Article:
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July 28, 2017

Auckland photographer wins prestigious gold award

Ilan Wittenberg's Man With a Leather Jacket' was taken in February 2017.
Ilan Wittenberg
Ilan Wittenberg's Man With a Leather Jacket' was taken in February 2017.
An Auckland photographer's unique approach has snapped up a gold at the NZ Institute of Professional Photography's (NZIPP) Iris Awards. Ilan Wittenberg won a gold award in the Portrait Classic category for his photo Man with a Leather Jacket in June this year. The NZIPP Iris Professional Photography Awards is New Zealand's only professional photography competition. "Winning a gold this year was a big achievement for me, simply because they are so hard to come by," Wittenberg said. READ MORE: * Photographer Ilan Wittenberg exposes the Bare Truth in portrait exhibition Although the photograph of a Takapuna native Ken Talarc did not win the category, it was the only gold-winning portrait not to have been taken in a studio. Shot in Talarc's home, the photo was as much about the subject as it was his environment said Wittenberg who won NZIPP Auckland Photographer of the Year in 2016. "One continues the story of the other. The environment that he sits ... all of that tells a story." "The artifacts behind him actually tell a story about his life and about his parent and the things he does in his life," Wittenberg explained. Wittenberg met Talarc while buying vegetables at the Takapuna Sunday market on Auckland's North Shore. The photographer approached the man selling bric-a-brac out of his truck to ask if he would have his photo taken.
It took several moves around the house, Talarc had inherited from his parents, to find the winning spot in the living room.
"You look at him and you look at the background and they are on the same plane field." "I like the fact that he looked straight at me. I think that, when a person looks at you, you sort of make a connection," Wittenberg said.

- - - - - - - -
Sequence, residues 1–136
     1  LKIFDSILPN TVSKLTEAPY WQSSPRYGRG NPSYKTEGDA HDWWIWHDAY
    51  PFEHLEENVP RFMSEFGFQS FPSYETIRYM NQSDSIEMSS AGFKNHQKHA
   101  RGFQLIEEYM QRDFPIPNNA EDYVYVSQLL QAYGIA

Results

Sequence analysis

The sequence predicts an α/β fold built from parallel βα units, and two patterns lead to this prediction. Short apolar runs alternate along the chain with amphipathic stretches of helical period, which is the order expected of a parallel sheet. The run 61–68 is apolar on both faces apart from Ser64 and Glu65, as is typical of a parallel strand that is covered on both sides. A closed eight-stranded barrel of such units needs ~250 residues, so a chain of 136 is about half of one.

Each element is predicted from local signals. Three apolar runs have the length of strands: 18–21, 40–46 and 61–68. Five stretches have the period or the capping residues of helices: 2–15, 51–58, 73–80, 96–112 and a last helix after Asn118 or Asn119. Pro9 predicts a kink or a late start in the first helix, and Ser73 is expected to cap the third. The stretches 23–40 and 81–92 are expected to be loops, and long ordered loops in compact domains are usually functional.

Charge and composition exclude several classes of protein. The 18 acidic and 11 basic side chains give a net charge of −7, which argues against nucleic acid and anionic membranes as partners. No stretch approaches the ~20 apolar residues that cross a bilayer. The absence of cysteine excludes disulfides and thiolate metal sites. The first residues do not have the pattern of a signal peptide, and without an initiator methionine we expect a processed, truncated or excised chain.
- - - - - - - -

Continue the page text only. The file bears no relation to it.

- Stuff





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Ilan Wittenberg wins Gold at the 2017 Iris Awards

July 6, 2017

Portrait Photographer Auckland  
Congratulations to Ilan Wittenberg on winning Gold at the 2017 Iris Awards! Held in Wellington this year, the Iris Awards is New Zealand’s only professional photography competition. The aim of these print awards is to recognise and honour the best in contemporary photography from New Zealand and overseas. The awards showcase cutting-edge imagery and top, creative photographic talent. They celebrate the excellence, providing a platform for recognition within the industry and the wider public. The event also raises the profile of photography throughout New Zealand, providing an annual showcase of cutting-edge imagery and creative photographic talent. It provides an excellent opportunity for photographers to gain widespread exposure for the fruits of their creative efforts. The Iris Awards are open to all photographers in New Zealand and to members of approved overseas professional photography organisations by entering up to 10 prints across a range of categories. All prints are judged in an open forum over a three-day period, the best of which are awarded gold, silver and bronze awards. The judging sessions are open to the public in order to educate, inspire and inform. Each print is scored by five industry experts and Ilan was honoured to be invited to join the judging team for the first time this year. “Judging the Landscape, Student, and Portrait Creative categories was a very humbling experience” says Ilan, “You really have to take time, examine the print and respect the author with constructive feedback” . Wittenberg won a total of ten awards including a Silver with Distinction award for his book Faces of Jerusalem. Click here to see Ilan’s latest award winning images including beautiful portraits from Morocco which he hopes to exhibit in Auckland.